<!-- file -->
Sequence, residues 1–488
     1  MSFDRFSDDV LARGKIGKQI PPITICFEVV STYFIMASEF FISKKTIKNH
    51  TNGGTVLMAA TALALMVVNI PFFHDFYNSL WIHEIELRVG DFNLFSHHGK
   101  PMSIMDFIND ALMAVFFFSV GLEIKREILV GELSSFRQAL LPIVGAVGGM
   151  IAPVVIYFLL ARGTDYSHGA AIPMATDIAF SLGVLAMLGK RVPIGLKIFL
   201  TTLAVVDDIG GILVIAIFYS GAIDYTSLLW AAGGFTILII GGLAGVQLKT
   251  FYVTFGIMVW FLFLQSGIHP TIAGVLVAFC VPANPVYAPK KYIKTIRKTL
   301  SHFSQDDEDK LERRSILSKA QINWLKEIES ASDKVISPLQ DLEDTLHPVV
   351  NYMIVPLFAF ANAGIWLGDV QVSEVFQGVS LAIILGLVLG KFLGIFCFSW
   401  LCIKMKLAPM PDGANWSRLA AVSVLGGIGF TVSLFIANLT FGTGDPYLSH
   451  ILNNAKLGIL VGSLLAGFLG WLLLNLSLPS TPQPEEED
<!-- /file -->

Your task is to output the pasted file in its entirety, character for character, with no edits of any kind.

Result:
Sequence, residues 1–488
     1  MSFDRFSDDV LARGKIGKQI PPITICFEVV STYFIMASEF FISKKTIKNH
    51  TNGGTVLMAA TALALMVVNI PFFHDFYNSL WIHEIELRVG DFNLFSHHGK
   101  PMSIMDFIND ALMAVFFFSV GLEIKREILV GELSSFRQAL LPIVGAVGGM
   151  IAPVVIYFLL ARGTDYSHGA AIPMATDIAF SLGVLAMLGK RVPIGLKIFL
   201  TTLAVVDDIG GILVIAIFYS GAIDYTSLLW AAGGFTILII GGLAGVQLKT
   251  FYVTFGIMVW FLFLQSGIHP TIAGVLVAFC VPANPVYAPK KYIKTIRKTL
   301  SHFSQDDEDK LERRSILSKA QINWLKEIES ASDKVISPLQ DLEDTLHPVV
   351  NYMIVPLFAF ANAGIWLGDV QVSEVFQGVS LAIILGLVLG KFLGIFCFSW
   401  LCIKMKLAPM PDGANWSRLA AVSVLGGIGF TVSLFIANLT FGTGDPYLSH
   451  ILNNAKLGIL VGSLLAGFLG WLLLNLSLPS TPQPEEED